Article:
Teams evaluating the destructive toll taken by Hurricane Patricia say at least 9,000 homes on Jalisco’s southern coastline have suffered some kind of damage, many of them irreparably.
Personnel from the state Social Development Agency (Sedesol) are going door-to-door to make an inventory of the damages.
Sedesol Director Jose Antonio Meade said the victims of the hurricane would start to see financial assistance coming through by the weekend. The Red Cross, Mexican armed forces and other emergency aid agencies started shipping food and supplies to the region as soon as the hurricane had passed. Hundreds of soldiers and relief workers are in he zone and will stay as long as they are needed, federal authorities say.
Meanwhile, employees from agricultural agencies are evaluating the devastation the storm inflicted on the region’s crops.
By Tuesday, state authorities reported that at least 15,000 hectares of crops had been destroyed, but warned the figure would certainly rise.
In the municipality of Ciuhatlan, 3,500 hectares of banana and papaya plantations were ruined, as well as 1,000 hectares of mango. Huge quantities of corn were also decimated.
The devastation to the banana crop will impact the region’s economy severely, since the fruit has nine-month harvesting cycle. It will be at least a year before the next crop can be harvested.
Insurance policies for farmers should kick in immediately, said Mario Ramos Velasco of Jalisco’s Rural Development Agency (Seder). He confirmed that nearly all the region’s crops were insured.
A spokesperson for Moody’s Investors Service said insurance companies are expecting to take a significant hit with Patricia, especially coming on the back of large payouts for Ingrid, which battered Acapulco in 2013, and Odile’s hammering of Los Cabos in 2014.
The great majority of homeowners in the region who suffered damage to their properties are too poor to purchase insurance. They will have to rely government handouts to get back on their feet.
The intense storm was especially harsh on structures made from lightweight materials. Palapas and laminated tin roofs were ripped off by the heavy winds, and many walls of homes built without rebar were toppled by the cyclonic winds.
The heaviest damage was reported around Chamela, where the eye of the storm made landfall. Jalisco Government Secretary General Roberto Lopez Lara said 177 hotels in the region had been affected and that it would take at least five months before the tourism infrastructure was in any way back to normal.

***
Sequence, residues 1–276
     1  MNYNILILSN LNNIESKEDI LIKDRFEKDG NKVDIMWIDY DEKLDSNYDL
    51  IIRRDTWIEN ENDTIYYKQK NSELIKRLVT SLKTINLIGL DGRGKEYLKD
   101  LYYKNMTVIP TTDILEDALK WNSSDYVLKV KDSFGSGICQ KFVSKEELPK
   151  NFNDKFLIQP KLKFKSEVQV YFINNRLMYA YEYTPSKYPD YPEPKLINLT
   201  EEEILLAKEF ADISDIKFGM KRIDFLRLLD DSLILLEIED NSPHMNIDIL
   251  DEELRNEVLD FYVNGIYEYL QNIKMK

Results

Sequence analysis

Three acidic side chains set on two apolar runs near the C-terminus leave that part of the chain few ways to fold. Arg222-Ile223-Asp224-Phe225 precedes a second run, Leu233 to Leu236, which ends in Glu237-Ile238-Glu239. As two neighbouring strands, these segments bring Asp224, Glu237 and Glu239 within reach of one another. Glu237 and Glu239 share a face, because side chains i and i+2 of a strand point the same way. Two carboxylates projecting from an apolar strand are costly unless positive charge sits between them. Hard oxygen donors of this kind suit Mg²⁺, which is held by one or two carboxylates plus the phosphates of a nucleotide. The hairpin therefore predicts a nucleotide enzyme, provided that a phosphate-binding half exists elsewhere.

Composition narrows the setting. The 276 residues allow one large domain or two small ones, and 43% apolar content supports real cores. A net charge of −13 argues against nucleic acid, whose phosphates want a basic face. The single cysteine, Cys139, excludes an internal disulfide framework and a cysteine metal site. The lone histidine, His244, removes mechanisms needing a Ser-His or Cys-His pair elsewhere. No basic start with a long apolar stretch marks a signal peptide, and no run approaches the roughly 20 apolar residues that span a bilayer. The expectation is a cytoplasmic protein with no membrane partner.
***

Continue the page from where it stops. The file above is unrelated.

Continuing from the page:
State authorities have promised to fund special promotional campaigns to encourage tourists to visit the region and help the local economies over the next few months.
Beaches that will require considerable work to return them to their former condition include Careyes, Playa Blanca, Playa Rosa, Playa Careyitos, Bahía de Chamela, La Manzanilla, El Tecuán, Pérula, Tenecatita and Boca de Iguanas.
While those living in humble communities along the coast took the brunt of the storm, the region’s upmarket tourist facilities also felt its full force.
In Careyes, a favorite celebrity hangout, many of the terra-cotta tiles lining the resort’s roofs were blown off. One report noted that “shattered pieces of the orange tiles dot the resort’s narrow stairways. Elegant infinity pools are now littered with chunks of collapsed balconies, furniture and coconuts.” The 20 – mostly foreign – guests in the complex had been evacuated before the hurricane hit.
In an short-term bid to counter the impact of Patricia on the region’s economy, the Jalisco government released emergency funds Monday that will provide 400 temporary jobs in the most affected zones.
Health authorities are also concerned that dengue fever and diarrhea may surge in the wake of the hurricane. The Jalisco Heath Department has announced that it will soon be starting a nebulization program in a bid to eliminate dengue-carrying mosquitos.